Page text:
In the code above, we have a DownshiftThree class component where we render the <Downshift/> component. In the callback passed to it, we have a button where we pass the getToggleButtonProps function. The button houses a ternary operator where we set the content the button based on whether the selectedBook in the component’s state is set. Next, we call the isOpen prop to see if the dropdown is open or not. If it is open, we map through all the books and render them in the dropdown.

In the onChange method passed to the <Downshift/> component, whenever an item is selected, we set it the state, thereby updating the content of the button. Import and render the component to the parent App component and reload your browser. You should see something like this:

Forms with Downshift

In this example, we’ll be using a Downshift input component as input fields in a form and attempting to submit the form data. In the src directory, let’s create two files: DownshiftInputField.js and DownshiftFour.js.

In the DownshiftInputField.js, we’ll create an input component with Downshift and use it to render some input fields in the DownshiftFour.js file. Let’s create a functional component in our DownshiftInputField.js file:

 // src/DownshiftInputField.js import React from 'react'
import Downshift from 'downshift'; export default ({ items, onChange, label, placeholder, name }) => { return ( <Downshift onChange={onChange} itemToString={items => (items ? items.name : '')}> {({ getInputProps, getItemProps, isOpen, inputValue, highlightedIndex, selectedItem, getLabelProps }) => ( <div> // add a label tag and pass our label text to the getLabelProps function <label style={{ marginTop: '1rem', display: 'block' }} {...getLabelProps()}>{label}</label> <br /> // add an input tag and pass our placeholder text to the getInputProps function <input name={name} {...getInputProps({ placeholder })} /> // if the input element is open, render the div else render nothing {isOpen ? ( <div className="downshift-dropdown"> { items // filter the items and return those that includes the inputValue .filter(item => !inputValue || item.name.toLowerCase().includes(inputValue.toLowerCase())) // map through the returned items and render them to the page .map((item, index) => ( <div className="dropdown-item" {...getItemProps({ key: item.name, index, item })} style={{ backgroundColor: highlightedIndex === index ? 'lightgray' : 'white', fontWeight: selectedItem === item ? 'bold' : 'normal', }}> {item.name} </div> )) } </div> ) : null} </div> )} </Downshift> ) }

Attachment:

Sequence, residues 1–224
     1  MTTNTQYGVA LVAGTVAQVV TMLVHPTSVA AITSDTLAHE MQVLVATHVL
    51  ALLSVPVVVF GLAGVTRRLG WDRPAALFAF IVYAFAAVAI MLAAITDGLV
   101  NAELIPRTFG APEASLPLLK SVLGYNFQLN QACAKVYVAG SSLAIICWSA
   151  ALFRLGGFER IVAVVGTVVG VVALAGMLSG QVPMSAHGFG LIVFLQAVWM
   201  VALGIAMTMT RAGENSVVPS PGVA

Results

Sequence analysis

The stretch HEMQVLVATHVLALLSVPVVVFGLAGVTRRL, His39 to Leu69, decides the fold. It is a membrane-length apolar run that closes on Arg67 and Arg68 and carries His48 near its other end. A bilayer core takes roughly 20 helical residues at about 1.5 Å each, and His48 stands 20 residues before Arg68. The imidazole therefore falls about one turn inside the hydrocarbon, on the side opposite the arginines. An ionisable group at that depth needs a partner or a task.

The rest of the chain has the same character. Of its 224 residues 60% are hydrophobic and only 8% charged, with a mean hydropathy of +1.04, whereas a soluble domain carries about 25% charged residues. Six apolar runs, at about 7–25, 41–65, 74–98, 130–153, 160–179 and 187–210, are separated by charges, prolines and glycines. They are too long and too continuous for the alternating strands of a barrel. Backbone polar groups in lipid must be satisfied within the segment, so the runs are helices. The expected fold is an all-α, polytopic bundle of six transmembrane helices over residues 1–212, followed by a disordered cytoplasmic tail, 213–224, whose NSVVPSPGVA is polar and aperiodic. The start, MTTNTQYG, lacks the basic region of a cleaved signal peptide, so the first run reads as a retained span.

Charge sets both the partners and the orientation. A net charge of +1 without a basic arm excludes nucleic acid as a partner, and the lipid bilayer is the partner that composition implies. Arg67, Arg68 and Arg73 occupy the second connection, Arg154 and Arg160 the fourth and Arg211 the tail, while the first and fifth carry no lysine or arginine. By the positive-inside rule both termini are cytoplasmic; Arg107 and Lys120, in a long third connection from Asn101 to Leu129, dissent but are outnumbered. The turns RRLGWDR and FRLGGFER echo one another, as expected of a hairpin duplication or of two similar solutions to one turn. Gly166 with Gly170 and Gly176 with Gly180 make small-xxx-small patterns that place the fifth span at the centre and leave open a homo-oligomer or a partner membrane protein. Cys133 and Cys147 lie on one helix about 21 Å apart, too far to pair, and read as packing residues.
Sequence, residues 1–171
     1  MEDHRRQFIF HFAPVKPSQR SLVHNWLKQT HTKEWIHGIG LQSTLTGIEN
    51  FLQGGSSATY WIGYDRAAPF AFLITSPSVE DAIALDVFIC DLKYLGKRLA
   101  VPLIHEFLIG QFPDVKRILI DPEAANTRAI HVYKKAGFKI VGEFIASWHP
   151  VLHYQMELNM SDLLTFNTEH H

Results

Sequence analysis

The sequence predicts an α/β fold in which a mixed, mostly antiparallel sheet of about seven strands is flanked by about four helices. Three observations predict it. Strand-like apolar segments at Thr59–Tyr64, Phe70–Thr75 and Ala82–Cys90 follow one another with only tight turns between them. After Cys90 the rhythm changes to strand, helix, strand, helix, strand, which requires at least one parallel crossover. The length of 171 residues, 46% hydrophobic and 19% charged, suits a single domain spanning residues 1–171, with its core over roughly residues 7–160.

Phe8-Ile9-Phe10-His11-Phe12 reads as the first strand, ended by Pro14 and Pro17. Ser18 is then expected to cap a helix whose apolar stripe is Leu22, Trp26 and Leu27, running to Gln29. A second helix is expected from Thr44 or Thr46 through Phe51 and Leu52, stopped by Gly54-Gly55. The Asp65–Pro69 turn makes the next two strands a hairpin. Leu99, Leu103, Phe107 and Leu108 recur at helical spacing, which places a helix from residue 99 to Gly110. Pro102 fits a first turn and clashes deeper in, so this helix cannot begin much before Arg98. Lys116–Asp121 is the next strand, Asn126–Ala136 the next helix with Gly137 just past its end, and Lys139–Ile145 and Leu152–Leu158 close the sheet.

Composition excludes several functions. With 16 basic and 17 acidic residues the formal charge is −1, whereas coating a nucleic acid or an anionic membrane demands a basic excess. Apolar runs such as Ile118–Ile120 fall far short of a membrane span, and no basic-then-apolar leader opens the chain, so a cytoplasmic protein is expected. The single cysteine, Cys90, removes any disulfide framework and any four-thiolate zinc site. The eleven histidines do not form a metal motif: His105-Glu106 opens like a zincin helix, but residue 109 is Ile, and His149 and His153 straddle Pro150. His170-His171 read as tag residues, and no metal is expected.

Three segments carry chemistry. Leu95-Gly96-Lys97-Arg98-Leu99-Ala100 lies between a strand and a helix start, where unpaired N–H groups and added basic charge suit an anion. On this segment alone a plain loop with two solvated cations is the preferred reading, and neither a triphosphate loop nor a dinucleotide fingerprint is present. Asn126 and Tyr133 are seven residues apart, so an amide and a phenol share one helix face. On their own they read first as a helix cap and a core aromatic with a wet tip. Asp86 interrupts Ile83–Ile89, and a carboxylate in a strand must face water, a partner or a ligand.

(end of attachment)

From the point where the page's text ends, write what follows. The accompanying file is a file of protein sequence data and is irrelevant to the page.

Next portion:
In the code above, our functional component takes in an array of items, an onChange function, a label and placeholder text and finally a name. The component returns a <Downshift/> component which receives all the required props in a callback function. In the callback, we have a label and an input field. As with other examples, we pass the isOpen prop to a ternary operator. If the input field is open, we filter through the array of items to return items that match the inputValue , then we map through the returned items and render them to the DOM.

Now that our input field component is ready, let’s import it into the DownshiftFour.js file:

 // src/DownshiftFour.js import React, { Component } from 'react'
import DownshiftInputField from './DownshiftInputField'; export default class DownshiftFour extends Component { constructor(props) { super(props) this.state = { books: [ { name: 'Harry Potter' }, { name: 'Net Moves' }, { name: 'Half of a yellow sun' }, { name: 'The Da Vinci Code' }, { name: 'Born a crime' }, ], movies: [ { name: 'Harry Potter' }, { name: '12 Strong' }, { name: 'Half of a yellow sun' }, { name: 'Gringo' }, { name: 'Black Panther' }, ], book: '', movie: '' } this.onSubmit = this.onSubmit.bind(this); this.onChange = this.onChange.bind(this); } onSubmit(event) { event.preventDefault(); alert(` Favourite book: ${this.state.book} Favourite movie: ${this.state.movie} has been submitted `) } onChange(selectedBook, stateAndHelpers) { const element = document.querySelector(`#${stateAndHelpers.id}-input`) this.setState({ [element.name]: selectedBook.name }) } render() { return ( <form onSubmit={this.onSubmit}> <DownshiftInputField items={this.state.books} onChange={this.onChange} label="Select your favourite book" name="book" placeholder="Search your favourite book" /> <DownshiftInputField items={this.state.movies} onChange={this.onChange} label="Select your favourite movie" name="movie" placeholder="Search your favourite movie" /> <input type="submit" value="Submit" className="dropdown-button" /> </form> ) } }